Edinburgh Festival Fringe comedy review: Beth Vyse: As Funny As Cancer, reviewed by The Scotsman’s Paul Whitelaw
At the age of 29, comedian Beth Vyse confronted her mortality when diagnosed with breast cancer. Mercifully, she survived.
Most comedians, if they decided to talk about it at all, would turn this anguished episode into a conventional, cathartic story-telling show full of hard-won pathos and wisdom. Vyse, an absurdist by nature, begins her show in the guise of Dolly Parton, throwing ping-pong balls at the audience and stabbing an enormous breast balloon.
Though she sticks to the basic tenets of an autobiographical comedy set, her life story is punctured by ridiculous – or possibly mildly rooted in truth – cameos from Nelson Mandela and Christopher Eccleston. Definitely untrue, it’s fair to assume, is the involvement of Michael Jackson as her supportive boyfriend, a part played, on this particular occasion, by a particularly game audience member.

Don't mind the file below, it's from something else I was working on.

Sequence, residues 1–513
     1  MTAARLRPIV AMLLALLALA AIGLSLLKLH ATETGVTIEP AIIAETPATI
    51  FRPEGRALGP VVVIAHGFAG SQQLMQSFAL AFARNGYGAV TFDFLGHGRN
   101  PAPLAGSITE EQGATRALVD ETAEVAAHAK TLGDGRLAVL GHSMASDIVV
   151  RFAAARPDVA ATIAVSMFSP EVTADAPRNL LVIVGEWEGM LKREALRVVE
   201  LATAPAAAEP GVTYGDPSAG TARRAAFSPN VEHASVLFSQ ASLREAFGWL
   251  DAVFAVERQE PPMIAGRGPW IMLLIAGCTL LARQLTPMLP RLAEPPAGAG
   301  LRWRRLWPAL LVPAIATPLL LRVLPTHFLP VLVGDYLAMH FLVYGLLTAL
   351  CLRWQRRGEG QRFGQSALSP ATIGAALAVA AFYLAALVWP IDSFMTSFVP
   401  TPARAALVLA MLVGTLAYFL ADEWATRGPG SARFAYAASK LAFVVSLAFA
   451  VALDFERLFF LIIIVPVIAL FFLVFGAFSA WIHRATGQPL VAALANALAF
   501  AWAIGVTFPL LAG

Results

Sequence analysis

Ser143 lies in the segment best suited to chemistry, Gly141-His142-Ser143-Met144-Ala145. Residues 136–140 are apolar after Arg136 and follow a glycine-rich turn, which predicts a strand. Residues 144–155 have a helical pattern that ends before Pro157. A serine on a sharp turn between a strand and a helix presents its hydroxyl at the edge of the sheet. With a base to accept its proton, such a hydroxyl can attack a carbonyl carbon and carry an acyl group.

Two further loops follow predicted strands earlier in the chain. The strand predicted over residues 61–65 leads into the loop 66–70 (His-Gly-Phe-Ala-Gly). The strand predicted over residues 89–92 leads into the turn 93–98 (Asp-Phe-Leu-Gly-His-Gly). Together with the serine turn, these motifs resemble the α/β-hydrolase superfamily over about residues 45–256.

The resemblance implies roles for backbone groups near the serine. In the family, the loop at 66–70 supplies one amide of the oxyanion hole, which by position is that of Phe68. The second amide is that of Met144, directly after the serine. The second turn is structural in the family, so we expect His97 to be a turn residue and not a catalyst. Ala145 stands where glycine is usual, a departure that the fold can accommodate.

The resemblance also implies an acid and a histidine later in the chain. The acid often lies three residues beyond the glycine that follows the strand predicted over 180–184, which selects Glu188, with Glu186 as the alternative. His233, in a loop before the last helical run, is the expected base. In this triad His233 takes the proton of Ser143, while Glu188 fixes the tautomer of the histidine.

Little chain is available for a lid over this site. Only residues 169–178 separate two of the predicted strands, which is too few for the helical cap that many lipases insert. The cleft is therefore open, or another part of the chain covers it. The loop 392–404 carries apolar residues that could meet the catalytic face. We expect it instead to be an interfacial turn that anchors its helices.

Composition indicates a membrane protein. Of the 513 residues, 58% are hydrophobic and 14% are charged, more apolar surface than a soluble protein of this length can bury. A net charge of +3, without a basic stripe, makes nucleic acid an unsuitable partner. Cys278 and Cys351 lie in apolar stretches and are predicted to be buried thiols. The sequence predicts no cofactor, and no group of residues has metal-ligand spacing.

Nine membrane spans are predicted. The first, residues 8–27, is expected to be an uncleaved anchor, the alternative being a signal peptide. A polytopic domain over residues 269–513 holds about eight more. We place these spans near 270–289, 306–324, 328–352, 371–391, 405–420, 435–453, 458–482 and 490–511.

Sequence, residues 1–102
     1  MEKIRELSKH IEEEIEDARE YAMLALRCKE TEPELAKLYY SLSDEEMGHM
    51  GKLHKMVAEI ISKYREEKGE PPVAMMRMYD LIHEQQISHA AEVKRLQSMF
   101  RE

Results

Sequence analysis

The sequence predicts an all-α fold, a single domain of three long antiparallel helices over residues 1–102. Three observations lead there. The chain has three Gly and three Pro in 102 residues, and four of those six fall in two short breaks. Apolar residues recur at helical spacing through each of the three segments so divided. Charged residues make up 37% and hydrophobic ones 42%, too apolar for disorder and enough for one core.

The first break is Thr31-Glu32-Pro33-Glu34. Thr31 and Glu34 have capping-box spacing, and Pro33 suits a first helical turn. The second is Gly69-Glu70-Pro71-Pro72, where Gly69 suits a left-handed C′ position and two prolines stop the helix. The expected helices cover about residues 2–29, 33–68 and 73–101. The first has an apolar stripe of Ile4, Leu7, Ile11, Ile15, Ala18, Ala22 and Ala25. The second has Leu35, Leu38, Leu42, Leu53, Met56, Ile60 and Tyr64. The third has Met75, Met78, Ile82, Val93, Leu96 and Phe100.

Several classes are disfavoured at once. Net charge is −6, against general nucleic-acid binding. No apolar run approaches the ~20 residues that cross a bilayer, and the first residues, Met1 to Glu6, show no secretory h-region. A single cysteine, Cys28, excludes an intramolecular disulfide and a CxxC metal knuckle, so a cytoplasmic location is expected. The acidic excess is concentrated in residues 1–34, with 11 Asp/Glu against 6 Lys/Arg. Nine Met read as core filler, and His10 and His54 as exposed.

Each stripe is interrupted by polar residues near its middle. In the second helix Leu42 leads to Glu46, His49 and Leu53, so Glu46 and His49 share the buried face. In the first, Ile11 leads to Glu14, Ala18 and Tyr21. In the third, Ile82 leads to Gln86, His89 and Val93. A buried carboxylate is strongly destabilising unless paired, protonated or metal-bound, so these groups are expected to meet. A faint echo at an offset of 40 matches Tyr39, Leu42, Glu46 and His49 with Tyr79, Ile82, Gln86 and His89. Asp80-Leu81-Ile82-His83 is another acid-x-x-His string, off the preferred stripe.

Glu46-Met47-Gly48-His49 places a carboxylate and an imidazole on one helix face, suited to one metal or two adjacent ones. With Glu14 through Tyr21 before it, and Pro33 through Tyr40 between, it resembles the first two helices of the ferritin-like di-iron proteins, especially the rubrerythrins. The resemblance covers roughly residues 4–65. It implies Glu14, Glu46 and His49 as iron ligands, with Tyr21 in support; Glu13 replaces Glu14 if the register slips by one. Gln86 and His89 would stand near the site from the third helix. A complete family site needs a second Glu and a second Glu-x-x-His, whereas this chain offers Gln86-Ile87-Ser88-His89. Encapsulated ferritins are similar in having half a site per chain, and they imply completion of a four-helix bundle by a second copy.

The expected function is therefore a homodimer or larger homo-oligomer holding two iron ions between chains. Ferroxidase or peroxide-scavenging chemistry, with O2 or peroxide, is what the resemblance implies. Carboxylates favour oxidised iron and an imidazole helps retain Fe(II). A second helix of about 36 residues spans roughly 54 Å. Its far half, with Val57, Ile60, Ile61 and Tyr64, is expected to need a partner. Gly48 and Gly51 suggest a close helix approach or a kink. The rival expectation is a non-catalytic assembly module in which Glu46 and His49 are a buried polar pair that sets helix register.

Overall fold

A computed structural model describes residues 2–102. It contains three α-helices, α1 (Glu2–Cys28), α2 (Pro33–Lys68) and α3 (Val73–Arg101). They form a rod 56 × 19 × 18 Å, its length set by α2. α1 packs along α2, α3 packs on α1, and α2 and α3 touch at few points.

But her terrifying plight, friends/family support and non-Jacko partner were obviously real, which lends depth to her shaggy dog story.
She’s over-reliant on lazily incongruous juxtaposition – i.e. placing celebrities in unlikely situations – but Vyse is a likeable performer. Her amiably ragged, slapstick-lewd confessional just about straddles the divide between nonsense and sincerity.
Heroes @ The Hive (Venue 313) until 30 August / listings
Published in The Scotsman on 10 August 2015
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